After President George W. Bush asked guests at a Republican fundraiser to turn off their cameras — which at least one person failed to do — he proceeded to blame Wall Street for the current financial and housing troubles: “Wall Street got drunk.... It got drunk and now it’s got a hangover. The question is how long will it [take to] sober up. And then we have the housing issue.”
In June 2000 global-warming prophesier Ross Gelbspan lamented, “Over the last seven years, the fossil-fuel lobby has mounted an extremely effective campaign of disinformation to persuade the public and policymakers that the issue of atmospheric warming is still stuck in the limbo of scientific uncertainty. That campaign for the longest time targeted the science. It then misrepresented the economics. And most recently it attacked the diplomatic foundations of the climate convention. And it has been extraordinarily successful in creating a relentless drumbeat of doubt in the public mind.”
As of Tuesday, July 15, crowds outside branches of the failed California bank IndyMac were getting ugly. On the second business day after federal agents seized control of bank assets and promised orderly restitution of FDIC-insured funds to IndyMac customers, large numbers of shocked depositors still had not been reimbursed. Those who had more than the FDIC-guaranteed $100,000 in IndyMac accounts were still awaiting word as to what portion of their life savings they could expect to see again.
Will we be seeing $10-$12/gallon gasoline and a lot more body bags before the end of the year? That depends on the answers to a couple other important questions, such as: will the Bush-Cheney war hawks launch a war against Iran before the November elections, as they have been aching to do for the past several years? Or will they encourage/sanction an attack on Iran by Israel that will end up drawing us into the fray? Either way, we certainly seem to be headed needlessly on that disastrous collision course.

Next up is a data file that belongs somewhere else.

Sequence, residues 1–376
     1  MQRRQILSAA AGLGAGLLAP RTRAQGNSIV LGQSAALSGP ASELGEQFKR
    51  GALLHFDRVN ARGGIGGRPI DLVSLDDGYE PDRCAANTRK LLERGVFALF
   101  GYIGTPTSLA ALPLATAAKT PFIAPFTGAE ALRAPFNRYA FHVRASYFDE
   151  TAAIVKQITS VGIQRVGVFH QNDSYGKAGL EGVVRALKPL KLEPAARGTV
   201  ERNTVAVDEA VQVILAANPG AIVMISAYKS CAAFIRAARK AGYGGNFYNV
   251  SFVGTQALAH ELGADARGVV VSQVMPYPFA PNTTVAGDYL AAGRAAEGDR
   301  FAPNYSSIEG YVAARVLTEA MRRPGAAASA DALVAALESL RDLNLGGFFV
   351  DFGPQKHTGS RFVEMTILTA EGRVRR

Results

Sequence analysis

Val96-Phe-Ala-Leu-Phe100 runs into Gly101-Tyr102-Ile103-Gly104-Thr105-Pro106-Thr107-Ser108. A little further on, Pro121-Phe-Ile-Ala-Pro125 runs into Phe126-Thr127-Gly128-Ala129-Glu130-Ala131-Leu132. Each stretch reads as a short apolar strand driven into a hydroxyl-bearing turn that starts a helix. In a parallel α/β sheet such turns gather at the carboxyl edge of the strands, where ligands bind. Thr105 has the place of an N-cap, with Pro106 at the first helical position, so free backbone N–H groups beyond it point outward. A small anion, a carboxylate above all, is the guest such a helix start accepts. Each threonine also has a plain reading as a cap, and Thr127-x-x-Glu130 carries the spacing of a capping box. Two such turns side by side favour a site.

On Thursday, July 10, Treasury Secretary Henry Paulson and Federal Reserve Chairman Ben Bernanke testified before the U.S. House of Representatives’ Committee on Financial Services. The backdrop for the committee meeting, of course, is the ongoing turmoil in U.S. and global financial markets, highlighted by the Federal Reserve’s unprecedented intervention to prevent the failure of giant investment bank Bear Stearns, and more recent worries that the two government-sponsored mortgage lending companies Fannie Mae and Freddie Mac are in danger of implosion.
It was a full year ago when the New York Times carried a small 220-word article claiming that rumors about construction of a massive new highway system from Mexico through the United States into Canada were the product of “urban legend.” But the July 31, 2007 article included a tiny 1x1.5-inch photo showing a map of the planned route that would, in effect, bisect Texas and gravely impact other states. Only a conceptual drawing of the road’s potential location, the photo had been released by NASCO, the North American SuperCorridor Coalition. If no substance to the rumors, why the NASCO map?
If even a stopped clock can tell the right time twice a day, Iranian President Mahmoud Ahmadinejad, the leader of the world’s fourth-largest oil exporter, just might have given the world a rational partial explanation for high oil prices recently. Speaking at a June 17 OPEC meeting held in the Iranian city of Isfahan, Ahmadinejad charged: “Certain hands, for political and economic ends, are controlling the price in an artificial manner.”
Many Americans today are understandably concerned about the state of the economy. The current recession is likely to be one of the worst in recent memory, and comes at a particularly difficult time for many Americans, just as many of the Baby Boom generation are planning to retire. American workers have come to expect stocks, mutual funds, bonds, and other investment opportunities to increase year after year, yet the stock market’s marginal performance over the past few years and the recent instability in the banking sector have made many wonder whether their retirement and savings accounts are safe.
The Consumer Price Index (CPI) measures the average price of consumer goods and services purchased by households. The government uses the CPI to “calculate inflation.” Changes over the past 40 years to the CPI “to better reflect the actual costs” of goods and services in this country have not only provided a poorer reflection of the true costs but have actually harmed our economy.
From Nouakchott in northwest Africa to Port-au-Prince in the Caribbean, the situation is becoming grimmer by the day. The specter of world hunger, unseen in generations, even in the world’s poorest nations, is once again raising its head as food prices spiral out of control, leaving hoarding, rioting, and shortages in their wake.